The field contesting our municipal elections here in Whitehorse last week was extremely crowded. Twenty two candidates put their names on the ballot to choose who would set the direction of the city for the next three years.
And while I don’t doubt that the six we chose will serve our community well, I don’t feel that I got to know who they or the 16 who were unsuccessful really are.
Despite being something of a political junkie myself, I have to confess that between work, raising a toddler, regaling all of you with my opinions on the political issue of the week, and the long list of other things that demand my attention I find forming a properly educated opinion on 22 people – many of whom I’ve never heard of before – is a daunting task.
Campaign literature and candidate debates assist in the task of weighing our options, but there are limitations. Digesting the former is time consuming with such a large field. Moreover, such materials are often vague and lacking in detail, thus requiring follow up questions that too often don’t get asked. Debates in such a crowded field provide only a sliver of information on which to base the decision, as each candidate only has only a few minutes to make his or her pitch.
Even the media appears overwhelmed by the task. In elections for other levels of government, reporters have the time and resources to assist in carefully scrutinizing candidates by thoroughly reviewing their credentials and asking probing, critical questions. In municipal politics they too are limited to a few interviews with a handful of factoids.
The pressure to pick six councillors increases the likelihood that some form of sloppy shorthand will be used by voters to round out the list.
Part of the difficulty is that many of the people vying for council are relatively unknown quantities. The information overload we are faced with could mean that we might elect one without a thorough vetting of their credentials.
Alternatively we might pass on a relatively unknown yet quality candidate in favour of someone with more name recognition. Simple name recognition plays too large a role in our municipal elections, meaning that incumbency is a major advantage (although apparently not enough to prevent Dave Stockdale’s ouster after sitting on council almost my entire lifetime). I can’t count the number of times that I’ve heard people rationalize their decision to vote for a particular candidate for reasons that boil down to “because I’ve actually heard of him or her.”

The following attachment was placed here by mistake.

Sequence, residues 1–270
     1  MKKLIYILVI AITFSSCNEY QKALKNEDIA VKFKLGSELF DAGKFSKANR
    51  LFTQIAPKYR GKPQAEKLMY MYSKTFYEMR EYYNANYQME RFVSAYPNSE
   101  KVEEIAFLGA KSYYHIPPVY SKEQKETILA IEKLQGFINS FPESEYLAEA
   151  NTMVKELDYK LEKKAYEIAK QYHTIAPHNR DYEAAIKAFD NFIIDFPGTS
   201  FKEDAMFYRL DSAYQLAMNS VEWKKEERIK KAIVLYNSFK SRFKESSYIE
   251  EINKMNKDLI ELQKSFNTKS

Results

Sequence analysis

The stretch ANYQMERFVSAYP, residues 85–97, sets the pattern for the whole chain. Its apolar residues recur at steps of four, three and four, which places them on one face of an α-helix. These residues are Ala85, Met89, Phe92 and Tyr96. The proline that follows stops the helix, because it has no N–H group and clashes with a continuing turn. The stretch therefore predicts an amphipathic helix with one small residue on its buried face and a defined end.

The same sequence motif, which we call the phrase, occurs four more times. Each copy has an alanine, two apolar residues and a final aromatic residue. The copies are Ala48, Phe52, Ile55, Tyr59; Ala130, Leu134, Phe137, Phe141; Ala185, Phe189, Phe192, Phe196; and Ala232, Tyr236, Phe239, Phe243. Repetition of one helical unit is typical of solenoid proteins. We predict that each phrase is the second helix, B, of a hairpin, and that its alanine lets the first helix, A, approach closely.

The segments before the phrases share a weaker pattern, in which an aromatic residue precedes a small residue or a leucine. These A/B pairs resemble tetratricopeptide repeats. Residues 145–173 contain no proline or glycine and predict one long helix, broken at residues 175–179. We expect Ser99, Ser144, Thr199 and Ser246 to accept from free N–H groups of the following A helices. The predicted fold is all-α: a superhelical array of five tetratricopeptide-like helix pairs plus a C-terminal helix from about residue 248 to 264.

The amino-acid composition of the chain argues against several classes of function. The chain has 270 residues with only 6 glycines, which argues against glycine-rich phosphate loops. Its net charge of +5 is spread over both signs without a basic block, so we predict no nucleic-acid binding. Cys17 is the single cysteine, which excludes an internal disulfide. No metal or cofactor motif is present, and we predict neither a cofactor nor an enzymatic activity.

Making matters more difficult is the short elections window in which we have to process municipal politics. We knew the final list of candidates for less than a month before the election. So not only do we have a lot of information to sort through, we have to do so in a matter of weeks.
This is not conducive to a thorough and proper vetting of the candidates.
Is there a way of whittling down the number of candidates that we have to consider without taking away one of the best aspects of municipal politics – the ease of getting on the ballot for people who want to put their names forward? Perhaps.
Whitehorse elects its city councillors at large, meaning that every councillor is elected by all of the voters of Whitehorse. It is a system that has the advantage of making each councillor accountable to the entire city but makes the process cumbersome for voters.
Many cities use a ward system, where the community is divided up into what are comparable to what we know as ridings in the federal and territorial context. This system narrows the choice for voters and reduces the number of candidates they need to pick to one. If Whitehorse were divided into six wards, for example, each ward would have averaged about three of four candidates – a far more manageable number than 22.
This would allow the candidates to more directly engage with a greater proportion of the voters who elect them. It is pretty difficult for a candidate to knock on every door in town, and as a general rule you don’t get to meet many candidates during the short election window unless you actively seek them out. More discussions on the doorstep could serve to make more community members engaged with the process.
There are other reasons to favour a ward system. Graham Lang expounded on some of them in a column he wrote for the News on May 7, 2014 entitled “Whitehorse needs a ward system,” and even proposed how the city could be broken down.
It is an idea we should seriously consider. We are blessed that so many people want to put their names forward to participate in the democratic decision making of our community. But such a crowded field is not conducive to the type of thorough vetting that a healthy democracy requires.
Kyle Carruthers is a born-and-raised Yukoner who lives and practises law in Whitehorse.